Islamic finance has been one of the fastest-growing areas of the global financial services industry over the last decade. This growth, estimated at 15 percent annually over the last three years, has been primarily driven by vast inflows of petrodollars, the search by Western banks for high-margin businesses, and widespread innovation in Islamic financial engineering. However, Islamic financial institutions have not achieved the same degree of success in creating regulatory environments conducive to greater innovation and development of Islamic capital markets. Standardized regulation is critical to the future growth of Islamic finance.
The State of Islamic Finance
Interest is at the foundation of conventional financial systems. Payments on interest compensate creditors for both the time value of money and default risk. However, interest is prohibited under Shari'ah, or Islamic law: the Qu'ran states, "And that which you give in gift, in order that it may increase from other people's property, has no increase with Allah." It also declares, "We have prepared for those among men who reject faith a grievous punishment."
For a devout Muslim, all fixed income instruments from mortgages to interest rate swaps are clearly haram, or forbidden. Additionally, Shari'ah bans excessive gharar, or risk. This condition is more ambiguous than the prohibition of riba. For example, an exporter could use currency options to hedge foreign exchange risk, while a speculator could use the same options to make bets on exchange rates. In the former situation, options are used to decrease risk, while in the latter, options are used to increase risk. Even in this simple example, Shari'ah scholars could (and do) have differing opinions. Clearly, the absence of standardized regulation can lead to significant confusion among investors.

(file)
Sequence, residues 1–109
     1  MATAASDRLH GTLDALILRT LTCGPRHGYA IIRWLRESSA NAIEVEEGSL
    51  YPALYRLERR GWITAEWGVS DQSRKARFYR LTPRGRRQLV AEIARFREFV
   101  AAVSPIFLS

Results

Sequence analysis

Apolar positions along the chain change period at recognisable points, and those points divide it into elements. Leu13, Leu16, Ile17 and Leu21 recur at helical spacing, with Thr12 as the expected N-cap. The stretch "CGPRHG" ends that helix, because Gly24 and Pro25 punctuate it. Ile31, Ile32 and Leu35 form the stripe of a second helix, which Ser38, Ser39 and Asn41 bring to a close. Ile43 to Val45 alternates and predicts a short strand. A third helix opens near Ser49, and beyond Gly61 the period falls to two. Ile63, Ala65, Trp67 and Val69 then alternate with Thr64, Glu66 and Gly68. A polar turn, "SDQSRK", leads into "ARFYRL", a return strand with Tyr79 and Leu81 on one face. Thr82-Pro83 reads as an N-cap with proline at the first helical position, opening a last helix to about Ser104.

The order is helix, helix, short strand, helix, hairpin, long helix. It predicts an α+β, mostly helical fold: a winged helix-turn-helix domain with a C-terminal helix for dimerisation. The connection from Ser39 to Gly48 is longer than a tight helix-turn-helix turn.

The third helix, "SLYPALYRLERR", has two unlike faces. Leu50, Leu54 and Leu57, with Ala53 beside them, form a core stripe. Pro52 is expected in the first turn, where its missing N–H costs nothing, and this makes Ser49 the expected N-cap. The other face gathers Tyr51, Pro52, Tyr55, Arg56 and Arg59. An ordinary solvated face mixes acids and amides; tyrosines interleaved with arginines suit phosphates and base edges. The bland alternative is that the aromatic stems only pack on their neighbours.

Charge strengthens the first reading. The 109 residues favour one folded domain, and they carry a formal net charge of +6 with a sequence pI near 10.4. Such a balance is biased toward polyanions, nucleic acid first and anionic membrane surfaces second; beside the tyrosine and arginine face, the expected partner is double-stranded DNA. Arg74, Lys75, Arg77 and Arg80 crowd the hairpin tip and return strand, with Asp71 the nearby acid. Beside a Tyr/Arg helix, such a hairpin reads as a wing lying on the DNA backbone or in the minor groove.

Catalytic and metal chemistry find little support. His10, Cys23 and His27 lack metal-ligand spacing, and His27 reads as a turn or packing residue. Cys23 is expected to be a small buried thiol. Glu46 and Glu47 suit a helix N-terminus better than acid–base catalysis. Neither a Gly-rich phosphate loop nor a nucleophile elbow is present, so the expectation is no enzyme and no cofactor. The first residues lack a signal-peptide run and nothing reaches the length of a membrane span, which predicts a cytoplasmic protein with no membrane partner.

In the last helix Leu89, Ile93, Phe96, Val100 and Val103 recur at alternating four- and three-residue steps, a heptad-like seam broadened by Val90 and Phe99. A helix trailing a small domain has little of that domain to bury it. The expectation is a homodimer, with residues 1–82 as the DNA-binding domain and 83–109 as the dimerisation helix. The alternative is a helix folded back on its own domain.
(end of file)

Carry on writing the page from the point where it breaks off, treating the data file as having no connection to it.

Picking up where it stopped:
Despite the bans on riba and gharar, Islamic banks have developed Shari'ah-compliant financial products from loans and insurance to equity funds and exotic derivatives. These financial products often take the form of profit-sharing agreements between a "debtor" and a "creditor." For example, in mudarabah, sometimes called participation financing, an entrepreneur asks a bank to provide capital; profits are shared between the entrepreneur and the bank according to an agreed ratio. Profit sharing continues until the "loan" has been repaid.
On the other hand, in murabahah, a bank can purchase a good for a customer and sell that good to the customer at an above-market price that is equivalent to the market price plus the amount the bank would have earned from interest. The customer then pays the bank in installments, just as if he or she had taken a conventional loan. However, the bank cannot charge the customer extra money for late payments, so instead the bank has custody of the good until full payment has been received.
Each financial product must be approved by Shari'ah advisory committees or consultants. Because it is nearly impossible for any product to be approved by every Shari'ah scholar in Islamic finance, banks traditionally focus on some target group or appeal to as many people as possible. Some Islamic scholars have remained opposed to Islamic finance, maintaining that the industry's techniques are simply legal fudges. They draw comparisons to contractum trinius, a method European bankers used during the Middle Ages to circumvent the prohibition of usury. A banker would invest the amount of money required by a borrower and then purchase insurance for the investment from the borrower. Finally, the lender would sell the borrower the right to any profit made on some percentage of the investment. The three contracts used in contractum trinius, investment, insurance, and sale of profit, were individually permitted; put together, they behaved like an interest-bearing loan.
Islamic finance is one of the most rapidly growing areas of international finance today. …